In this post we will show you how to define part of your messaging. Included in the post you can find;
That’s why part four of our nine-part Growth Mapping framework relates to your key business messaging and value proposition.
And in this short post, we’re giving you a sneak peek into the eye-opening SWST (So What, So That) Test — an exercise we use to define the benefits your business delivers.
Here, you’ll learn:
- Why understanding the building blocks of your message is vital;
- How to use the SWST test to refine and focus how you talk to your audience;
- And how doing so can help you market your business with clarity and authority.
Plus, at the bottom of the post, you’ll find a free worksheet download to help you develop your own short, snappy, and meaningful value proposition.
Ready? Let’s go.
Why does messaging matter?
When you eat, sleep, and breathe your business, it goes without saying that you’ll understand it better than most. After all, you’ve turned over every rock, scratched every surface, and honed your idea to the point that you can talk about it with real confidence and expertise.
But here’s the thing: your customers haven’t really given your business that much thought. You’re the expert; they’re not. And when you talk like an expert, you can get swept up in the finer details, using complex shorthand and vague buzzwords that make sense to you while alienating your audience.
This is where marketing messaging comes into play. It helps you move away from talking about what you think makes your business great and start talking about the benefits that will resonate with your ideal customer.
In short, you can’t sell someone something if A) you make it difficult to understand, and B) they don’t know why they need it or how it will help them. The following exercise has been designed to help you build out a message to overcome those challenges.
Exercise: develop your value proposition with the SWST test
In the above graphic, you’ll see a blank flow chart moving from left to right. Above each section, we have the titles “My business,” “So that my customers can,” and “Resulting in,” which then leads into a section titled “Benefit statements (your value proposition)”.
Sections 1 and 2 are separated by an arrow asking, “So what?” Sections 2 and 3 by an arrow stating “So that”.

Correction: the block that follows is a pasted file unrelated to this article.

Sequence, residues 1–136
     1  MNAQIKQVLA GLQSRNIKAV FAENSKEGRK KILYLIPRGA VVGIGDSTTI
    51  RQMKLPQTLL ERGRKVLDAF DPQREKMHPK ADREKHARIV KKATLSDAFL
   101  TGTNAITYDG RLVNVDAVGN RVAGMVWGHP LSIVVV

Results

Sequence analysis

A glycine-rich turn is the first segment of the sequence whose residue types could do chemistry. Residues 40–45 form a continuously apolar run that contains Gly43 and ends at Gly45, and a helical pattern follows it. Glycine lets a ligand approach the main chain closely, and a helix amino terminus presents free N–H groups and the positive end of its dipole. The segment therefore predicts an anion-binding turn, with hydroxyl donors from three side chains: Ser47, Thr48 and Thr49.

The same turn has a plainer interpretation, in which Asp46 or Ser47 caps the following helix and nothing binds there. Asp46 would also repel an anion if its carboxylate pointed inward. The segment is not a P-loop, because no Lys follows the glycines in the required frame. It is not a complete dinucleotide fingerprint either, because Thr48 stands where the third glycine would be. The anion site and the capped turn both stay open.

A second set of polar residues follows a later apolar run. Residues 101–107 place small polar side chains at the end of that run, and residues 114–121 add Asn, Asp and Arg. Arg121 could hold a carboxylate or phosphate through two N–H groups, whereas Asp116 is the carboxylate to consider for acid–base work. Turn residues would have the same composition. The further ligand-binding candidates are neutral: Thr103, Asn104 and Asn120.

The idea here is to turn some simple facts about what your product or service does into a series of benefit-led statements, with the goal of clearly and succinctly communicating how your business can help your customer.
So, let’s take a look at this exercise in action below, where we’re using an accountancy practice as an example.
In the first section of the chart, we’ve included three services provided by the accountancy firm:
- Bookkeeping services
- Management reports within 7 days of month-end
- Tax advice
So what? Why would these services matter to an accountant’s target audience? The next part answers that by linking the service to its immediate outcome. You’re essentially answering why your service is important on the surface level, before digging a little deeper.
For example, an accountant providing bookkeeping services allows their clients to keep up-to-date accounts. Plain and simple. So we fill in the next section of the chart like this:
“So that my customers can…”
- Keep up-to-date accounts
- Make faster and more informed decisions
- Minimise “accidental” tax
And what is the outcome of these benefits? Why do they matter to a potential customer? This is where we scratch beneath the surface and try to find a tangible (or intangible) core benefit.
For example, a business owner isn’t motivated to hire an accountant simply to keep up-to-date accounts. That’s a byproduct of the service. The true benefit is that they want peace of mind that everything is in order and they can submit their tax returns stress-free. This is an emotional benefit. We express this in the chart like this:
- Peace of mind
- A stronger business
- More available capital to invest or extract
Putting it all together
Now we have the building blocks of our key messages, we can start piecing them together.
Let’s take the tax advice service as an example: My [accountancy firm] provides tax advice so that my customers can minimise “accidental” tax, resulting in more available capital to invest or extract.
It’s really that simple. We start with a pretty standard service for an accountancy practice (tax advice) and follow the framework to discover a compelling reason why someone would want to use it. It’s not because they want tax advice for the sake of it. No one’s truly desperate to understand compliance and tax legislation. They want to save money. So, you need to tie your service to its core benefit and then find a way to frame why that benefit matters.
And when you do that, it can lead you to a meaningful, benefit-led value proposition that speaks directly to your ideal customer:
“Our expert tax advice helps you avoid paying more tax than you need to, meaning you get to keep more of your hard-earned money to invest in your business – or yourself.”
Key Takeaway: A huge part of successfully positioning your business is the language you use. If you speak in a way that your customer understands, rather than alienating them with jargon or stroking your ego, you’re more likely to hold their attention.
Refining your messaging with the SWST test gives you a structure and direction to do just that. And once you have your benefit statements, you can play around with your messaging, changing the words or tone to mirror your brand and inform the rest of your marketing.
Download the workbook below and give it a go yourself.
Try the Growth Mapper today
We’ve designed each section of our Growth Mapper framework around a critical part of your business growth. We start with the basics and drill down into the details, giving you a clear picture of the opportunities and challenges moving forward.